Wednesday, January 31, 2018

Commentary on Meditations: B10:36

No one is so fortunate as not to have standing round his death- bed some people who welcome the fate coming on him. Was he the earnest sage? Then maybe there will be someone at his final moment saying to himself: 'We can breathe again now, rid of this schoolmaster. He was not hard on any one of us, but I could feel his silent criticism of us all.' So much for the earnest sage: but in our own case how many other reasons are there for a general wish to be rid of us? You will think of this when you are dying, and your departure will be the easier if you reason to yourself: 'I am leaving the sort of life in which even my colleagues - on whose behalf I have expended so much effort, prayer, and thought - even they want me out of the way, doubtless hoping for some relief from my death.' So why should anyone cling to a longer stay here on earth?

Do not, though, for that reason feel any less warmth for them as you depart this life, but keep true to your own character friendly, kind, generous. Again, your leaving of them should not be any wrench from life, but rather that easy slipping of the soul from the body's carapace experienced by those dying at peace. Nature bound you to them and made them your colleagues, but is now releasing you. My release is like parting from kinsmen, but I do not resist or need to be forced. This too is one of the ways to follow nature.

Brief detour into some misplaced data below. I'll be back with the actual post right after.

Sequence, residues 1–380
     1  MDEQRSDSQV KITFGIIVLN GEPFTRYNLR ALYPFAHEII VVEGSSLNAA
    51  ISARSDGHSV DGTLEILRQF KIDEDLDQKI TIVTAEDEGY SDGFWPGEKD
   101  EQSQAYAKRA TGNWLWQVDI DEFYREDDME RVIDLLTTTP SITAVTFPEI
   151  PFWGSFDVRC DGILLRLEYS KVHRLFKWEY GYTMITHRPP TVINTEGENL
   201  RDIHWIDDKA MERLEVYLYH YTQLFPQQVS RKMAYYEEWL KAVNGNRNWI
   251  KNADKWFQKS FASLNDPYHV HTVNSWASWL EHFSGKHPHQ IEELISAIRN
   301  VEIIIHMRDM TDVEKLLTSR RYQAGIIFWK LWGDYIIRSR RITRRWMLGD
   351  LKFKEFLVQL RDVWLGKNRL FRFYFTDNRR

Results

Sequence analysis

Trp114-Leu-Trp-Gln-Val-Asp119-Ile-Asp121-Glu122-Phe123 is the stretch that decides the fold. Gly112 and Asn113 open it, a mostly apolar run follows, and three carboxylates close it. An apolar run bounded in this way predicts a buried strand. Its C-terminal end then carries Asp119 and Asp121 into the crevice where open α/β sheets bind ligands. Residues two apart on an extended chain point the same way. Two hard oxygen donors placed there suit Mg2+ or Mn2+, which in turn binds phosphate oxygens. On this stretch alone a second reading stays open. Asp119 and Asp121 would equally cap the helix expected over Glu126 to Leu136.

Chapter 36 of Book 10 is a deep dive into Marcus' thoughts specific to his death.  There seems to be a lot of loaded ideas in this meditation of his.  He seems to want to be called a sage, but yet, if people are grateful that he is now dead, perhaps he did not quite pull off the feat of becoming a sage since he was not able to successfully persuade people to be better.  In which case, he is simply grateful he is leaving this sort of life, despite giving it his best effort to help those around him.

In the second part, he still reminds himself to continue to help and "feel warmth" for them even as he is preparing to die.  He wants to life life fully to the end - being friendly, kind and generous all the way to the end.  He does not want to die bitterly.

Pierre Hadot takes 3 to 4 pages to decompose this passage and it is well worth the read.

(see also Citadel p. 30, 228, 293-295)

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